Beyond Kendrick and Serena: New museum shows Compton’s legacy

Hosted by

The Compton Art & History Museum’s co-founders Abigail Lopez-Byrd and Marquell Byrd sit in front of a mural at the museum. Photo courtesy of Marquell Byrd.

There’s a new art museum in Los Angeles, and you won’t find it in Downtown LA, the Arts District, or other parts of the county where similar facilities are typically located. 

The Compton Art & History Museum opened the public this year, just months after its two founders, the husband and wife duo of Abigail Lopez-Byrd and Marquell Byrd, came together with a vision for the space. 

“We have archives from Compton from the 1960s and 1970s that the youth can now come in … and see these things … without having to go to neighboring cities or somewhere deep in LA that, most of the time, don't represent who they are and where they come from,” says Co-founder Marquell Byrd. 

The museum is an offshoot of the couple's nonprofit Color Compton, which empowers young people and students in Compton and South LA through art and history. 

Byrd says he helped construct the museum by hand because he wanted to make sure their vision actually became a reality.

“We know that we had to make sure that there's a space like this because we don't have access [to many resources]. We don't have a Michaels in Compton, so you can’t even get the art supplies for you to be able to create.”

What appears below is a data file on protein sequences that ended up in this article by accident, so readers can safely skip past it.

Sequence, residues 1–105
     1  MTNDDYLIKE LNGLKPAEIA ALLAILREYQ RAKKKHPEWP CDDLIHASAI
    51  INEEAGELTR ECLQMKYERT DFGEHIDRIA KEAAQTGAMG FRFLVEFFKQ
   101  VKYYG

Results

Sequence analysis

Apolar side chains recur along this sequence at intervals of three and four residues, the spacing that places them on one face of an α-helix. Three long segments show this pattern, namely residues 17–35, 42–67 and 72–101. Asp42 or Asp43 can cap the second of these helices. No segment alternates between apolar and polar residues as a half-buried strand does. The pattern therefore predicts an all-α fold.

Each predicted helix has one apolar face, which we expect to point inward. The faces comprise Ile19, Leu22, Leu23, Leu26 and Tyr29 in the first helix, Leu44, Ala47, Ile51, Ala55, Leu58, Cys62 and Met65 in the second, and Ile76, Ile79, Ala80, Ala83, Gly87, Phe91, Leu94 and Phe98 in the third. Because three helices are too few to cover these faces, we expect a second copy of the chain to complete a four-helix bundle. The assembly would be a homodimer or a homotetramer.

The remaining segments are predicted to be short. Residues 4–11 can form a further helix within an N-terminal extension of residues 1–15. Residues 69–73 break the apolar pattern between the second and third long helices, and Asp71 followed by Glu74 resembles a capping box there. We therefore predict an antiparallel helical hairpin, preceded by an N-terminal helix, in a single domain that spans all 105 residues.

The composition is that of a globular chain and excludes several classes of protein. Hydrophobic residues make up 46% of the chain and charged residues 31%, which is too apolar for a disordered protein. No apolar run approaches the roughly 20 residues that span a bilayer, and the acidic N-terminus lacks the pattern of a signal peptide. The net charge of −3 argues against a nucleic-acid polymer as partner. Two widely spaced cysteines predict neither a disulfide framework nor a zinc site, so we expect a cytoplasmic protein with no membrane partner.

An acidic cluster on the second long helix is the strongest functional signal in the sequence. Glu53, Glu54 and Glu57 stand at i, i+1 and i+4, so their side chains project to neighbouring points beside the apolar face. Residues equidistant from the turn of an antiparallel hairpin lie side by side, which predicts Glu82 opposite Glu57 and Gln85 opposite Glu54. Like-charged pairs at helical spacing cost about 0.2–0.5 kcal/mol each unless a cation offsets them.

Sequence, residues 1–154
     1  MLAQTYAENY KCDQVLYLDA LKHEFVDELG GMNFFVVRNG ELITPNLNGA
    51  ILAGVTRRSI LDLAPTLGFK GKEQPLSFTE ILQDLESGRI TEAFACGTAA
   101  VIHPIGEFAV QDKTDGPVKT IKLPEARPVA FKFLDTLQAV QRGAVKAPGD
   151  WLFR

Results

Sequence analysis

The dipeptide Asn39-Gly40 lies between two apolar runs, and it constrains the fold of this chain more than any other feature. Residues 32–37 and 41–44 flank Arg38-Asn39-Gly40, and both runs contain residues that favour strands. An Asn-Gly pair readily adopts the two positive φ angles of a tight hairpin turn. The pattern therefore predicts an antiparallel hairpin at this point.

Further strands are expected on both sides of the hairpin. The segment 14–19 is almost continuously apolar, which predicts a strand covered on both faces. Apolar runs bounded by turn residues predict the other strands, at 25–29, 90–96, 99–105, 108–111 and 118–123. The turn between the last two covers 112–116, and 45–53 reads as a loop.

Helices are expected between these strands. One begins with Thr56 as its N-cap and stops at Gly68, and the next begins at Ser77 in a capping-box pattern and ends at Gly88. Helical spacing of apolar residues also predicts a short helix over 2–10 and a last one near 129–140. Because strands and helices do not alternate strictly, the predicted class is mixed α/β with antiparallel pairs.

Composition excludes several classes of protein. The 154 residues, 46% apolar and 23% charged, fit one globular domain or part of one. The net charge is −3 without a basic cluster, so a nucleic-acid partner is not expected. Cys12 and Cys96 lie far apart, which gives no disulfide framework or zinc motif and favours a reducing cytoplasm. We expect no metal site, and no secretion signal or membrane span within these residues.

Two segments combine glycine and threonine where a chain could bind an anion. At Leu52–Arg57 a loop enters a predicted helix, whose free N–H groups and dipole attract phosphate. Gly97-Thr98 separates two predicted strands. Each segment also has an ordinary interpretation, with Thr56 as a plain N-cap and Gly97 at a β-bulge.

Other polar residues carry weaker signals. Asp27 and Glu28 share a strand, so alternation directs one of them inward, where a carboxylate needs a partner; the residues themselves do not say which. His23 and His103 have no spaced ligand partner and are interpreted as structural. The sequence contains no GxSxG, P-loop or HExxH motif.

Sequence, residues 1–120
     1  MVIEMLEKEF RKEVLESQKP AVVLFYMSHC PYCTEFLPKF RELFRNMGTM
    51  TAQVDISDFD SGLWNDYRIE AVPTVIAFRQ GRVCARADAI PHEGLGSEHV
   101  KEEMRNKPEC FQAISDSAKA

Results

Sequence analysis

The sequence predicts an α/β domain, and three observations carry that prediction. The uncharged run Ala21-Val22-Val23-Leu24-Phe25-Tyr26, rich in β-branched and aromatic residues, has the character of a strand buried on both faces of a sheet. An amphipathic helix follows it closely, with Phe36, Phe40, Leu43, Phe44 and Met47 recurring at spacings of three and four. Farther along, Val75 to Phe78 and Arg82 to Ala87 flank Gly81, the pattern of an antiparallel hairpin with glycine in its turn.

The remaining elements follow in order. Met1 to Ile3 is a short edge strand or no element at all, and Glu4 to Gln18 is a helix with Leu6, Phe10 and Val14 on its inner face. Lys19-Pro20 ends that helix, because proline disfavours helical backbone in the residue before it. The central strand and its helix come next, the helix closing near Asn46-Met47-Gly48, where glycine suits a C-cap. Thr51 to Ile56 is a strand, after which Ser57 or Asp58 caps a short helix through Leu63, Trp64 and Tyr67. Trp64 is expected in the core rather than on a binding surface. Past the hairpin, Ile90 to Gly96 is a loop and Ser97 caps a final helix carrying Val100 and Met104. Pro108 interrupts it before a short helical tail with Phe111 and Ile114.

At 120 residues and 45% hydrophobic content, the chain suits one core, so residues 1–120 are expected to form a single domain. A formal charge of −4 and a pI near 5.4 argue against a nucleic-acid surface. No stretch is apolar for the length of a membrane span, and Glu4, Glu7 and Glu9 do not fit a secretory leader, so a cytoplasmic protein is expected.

The museum’s inaugural show is “Sons Like Me,” a multimedia exhibit with paintings, tapestries, floral arrangements, and other works by Compton artist Anthony Lee Pittman

The Compton Art & History Museum features several works from the inaugural exhibit “Sons Like Me” by Compton artist Anthony Lee Pittman. 

Byrd says Pittman’s work encapsulates the essence of what it’s like to be from Compton. 

“I think that also instills the empowerment of what we can do within the city,” says Byrd. “We have our Kendricks, we have our Serena Williams, we have so many amazing people that come from Compton, but you don't see them walking on the street every day. You do see someone like myself or Anthony Lee Pittman.” 

Byrd says his ultimate goal for the museum is to make it an important community fixture by transforming it into a full-fledged site with a coffee shop and more facilities. However, right now, the focus is for young people and students to have a place to experience art and history in their own neighborhood. 

The museum is located at 306 W Compton Blvd. It’s open Tuesday through Friday from 10 a.m. to 3 p.m.




Tara Atrian